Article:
There is a misconception out there today that, just because a bike is made from carbon, it is better, lighter, stiffer, more compliant, than a bike made out of other materials...

    Carbon can be a great material for a frame....but not necessarily so...
    Dave Hickey/ Fort Worth

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  19. #44
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    Quote Originally Posted by aaronis31337
    Hello everybody.
    So, for people that actually have upgraded from AL/Steel/TI to carbon, is this something I'd notice?
    Rode steel and aluminum for years up until 2008. Then a mix carbon fork [alloyed steering tube] and rear carbon seat and chain stays [Trek 2100]. Loved the vibration reduction on carbon. I was told that if you ride a full carbon frame and fork it gets better.

    I bought a Cannondale Super Six 2008 model in 2009 February. Been riding it for 9,000 miles so far. It's a 58 cm frame [actually a 57 cm] and everything including cranks and seat post are in carbon. I commute. The ride is great. It's smooth. Vibration is reduced considerably over aluminum and steel. Handling is great too. But the geometry is not like the other bikes I've owned so this may have allot to do with the over all feedback of the frame set. I also lost 40 lbs riding it too. That's a 16 lb bike and I just lost 2.4 times its weight.

    Speed? Go for rotational weight reduction in wheels, tire pressure and stuff like that before hunting for grams in frames. Healthy piss before mounting helps too.

  20. #45
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    seriously.... loose? seriously?

  21. #46
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    Quote Originally Posted by A from Il
    South of he equator it is. Unless you are already south of the equator. Then no.
    Want to ride faster? Get this guy to chase you.
    I feel faster already
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    Unlike Roebuck, you do "do" people.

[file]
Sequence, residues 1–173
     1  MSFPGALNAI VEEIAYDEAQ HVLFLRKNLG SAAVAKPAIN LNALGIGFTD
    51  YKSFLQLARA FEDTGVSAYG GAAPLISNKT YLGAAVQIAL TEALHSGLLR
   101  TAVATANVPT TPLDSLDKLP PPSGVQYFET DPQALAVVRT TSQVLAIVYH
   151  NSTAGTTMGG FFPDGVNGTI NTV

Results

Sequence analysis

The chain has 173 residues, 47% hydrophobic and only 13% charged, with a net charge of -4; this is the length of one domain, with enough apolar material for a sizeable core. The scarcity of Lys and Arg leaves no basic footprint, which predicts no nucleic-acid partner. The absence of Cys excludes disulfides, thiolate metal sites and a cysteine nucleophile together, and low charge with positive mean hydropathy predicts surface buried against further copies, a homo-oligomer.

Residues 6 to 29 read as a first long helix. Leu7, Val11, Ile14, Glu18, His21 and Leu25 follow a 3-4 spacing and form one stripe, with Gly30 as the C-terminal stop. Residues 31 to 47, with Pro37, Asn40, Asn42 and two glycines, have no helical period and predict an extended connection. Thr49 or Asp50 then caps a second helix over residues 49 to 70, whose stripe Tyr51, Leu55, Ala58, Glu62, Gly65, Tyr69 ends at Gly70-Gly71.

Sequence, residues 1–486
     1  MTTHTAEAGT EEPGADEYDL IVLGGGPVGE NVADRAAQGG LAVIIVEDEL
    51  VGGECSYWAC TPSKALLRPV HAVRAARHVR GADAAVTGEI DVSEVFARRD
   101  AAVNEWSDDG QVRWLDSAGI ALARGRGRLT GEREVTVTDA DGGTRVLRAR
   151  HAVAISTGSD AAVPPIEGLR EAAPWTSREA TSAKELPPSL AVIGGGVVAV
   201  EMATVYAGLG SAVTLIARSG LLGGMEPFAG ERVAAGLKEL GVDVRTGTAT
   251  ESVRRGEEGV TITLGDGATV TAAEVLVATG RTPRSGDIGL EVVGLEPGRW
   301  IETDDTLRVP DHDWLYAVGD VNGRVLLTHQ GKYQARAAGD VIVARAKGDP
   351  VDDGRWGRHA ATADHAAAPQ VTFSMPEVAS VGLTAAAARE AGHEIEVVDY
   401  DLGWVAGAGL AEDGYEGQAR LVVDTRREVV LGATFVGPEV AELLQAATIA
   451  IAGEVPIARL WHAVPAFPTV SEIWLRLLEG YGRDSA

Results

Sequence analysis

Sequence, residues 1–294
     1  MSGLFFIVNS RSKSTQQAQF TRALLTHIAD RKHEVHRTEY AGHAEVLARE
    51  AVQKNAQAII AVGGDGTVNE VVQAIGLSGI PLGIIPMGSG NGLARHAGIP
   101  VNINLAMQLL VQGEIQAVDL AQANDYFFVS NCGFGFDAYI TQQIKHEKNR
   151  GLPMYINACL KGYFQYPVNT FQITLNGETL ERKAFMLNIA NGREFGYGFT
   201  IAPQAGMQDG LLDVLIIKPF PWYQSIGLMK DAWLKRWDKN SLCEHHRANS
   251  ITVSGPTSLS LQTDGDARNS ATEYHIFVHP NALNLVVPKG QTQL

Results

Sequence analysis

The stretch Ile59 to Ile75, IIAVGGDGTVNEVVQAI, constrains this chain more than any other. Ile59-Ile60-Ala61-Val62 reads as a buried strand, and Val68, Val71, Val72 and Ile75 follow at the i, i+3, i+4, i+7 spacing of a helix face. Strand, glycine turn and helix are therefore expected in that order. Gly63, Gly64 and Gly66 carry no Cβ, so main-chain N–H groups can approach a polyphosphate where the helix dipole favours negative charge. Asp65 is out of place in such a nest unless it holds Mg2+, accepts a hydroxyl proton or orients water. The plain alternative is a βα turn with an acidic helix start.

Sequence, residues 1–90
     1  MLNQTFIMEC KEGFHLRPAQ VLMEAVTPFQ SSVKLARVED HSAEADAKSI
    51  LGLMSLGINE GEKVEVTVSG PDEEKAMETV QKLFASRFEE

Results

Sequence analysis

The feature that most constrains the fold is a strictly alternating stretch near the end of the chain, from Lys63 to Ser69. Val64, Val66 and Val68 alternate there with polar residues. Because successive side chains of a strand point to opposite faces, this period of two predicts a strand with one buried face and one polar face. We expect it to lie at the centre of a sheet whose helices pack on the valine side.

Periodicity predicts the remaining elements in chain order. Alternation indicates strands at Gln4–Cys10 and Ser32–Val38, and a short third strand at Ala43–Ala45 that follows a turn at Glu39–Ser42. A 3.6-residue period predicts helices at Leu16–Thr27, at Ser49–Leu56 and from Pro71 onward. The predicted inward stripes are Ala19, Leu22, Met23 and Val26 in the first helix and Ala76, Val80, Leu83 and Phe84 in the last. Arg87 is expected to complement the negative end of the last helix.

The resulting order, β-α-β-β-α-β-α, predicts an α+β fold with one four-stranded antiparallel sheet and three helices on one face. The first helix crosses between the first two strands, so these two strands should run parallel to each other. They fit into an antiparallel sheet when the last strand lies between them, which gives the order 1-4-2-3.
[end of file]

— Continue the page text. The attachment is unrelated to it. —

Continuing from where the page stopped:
Maybe Judas did it for a Klondike bar.

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  22. #47
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    That video proves nothing except if you ride a carbon bike stay away from ABBA listening crazy German mother fluckers! Hillarious! I have to go back and watch that again.

  23. #48
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    Quote Originally Posted by A from Il
    Well thats all I needed to hear.

    We are talking about sail boats and F1 cars aren't we?
    Joined the other team in the name of the economy

  24. #49
    Ten Dollar Jockey
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    Rocket Ship

    I switched from a Canondale Alumi bike - 22 pounds to a Kuota KOM at 14.8 pounds. I am faster (average speeds are higher, climb speeds are faster), but I am a crappy rider relative to my group (so I bought my improvement).

    The Kuota uses a cf manufacturer that supplies cf for some of the F1 cars (ooohhh), but many of the tubes are squarish, so it is stiff as hell and HURTS LIKE HELL.

    Some bumps convert my nuts to tonsils (good thing tonsils are gone, or no room for the nuts).

    If I were man enough to be fast on what I had - I'd stick there. Maybe one day if I spend enough $$, I can be up front.

    I have figured out that money can compensate for a lot of things. Money won't buy you love, but it will buy you affection so close that you'll never know the difference.

    p.s. The 22 pound bike met with an SUV, and their insurance company bought me the Kuota. The Kuota hurts me more than the SUV. I guess they're laughing now.

  25. #50
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    Drop a steel frame and a carbon frame from the highest buildings roof that you can get on and the faster frame will hit the ground first.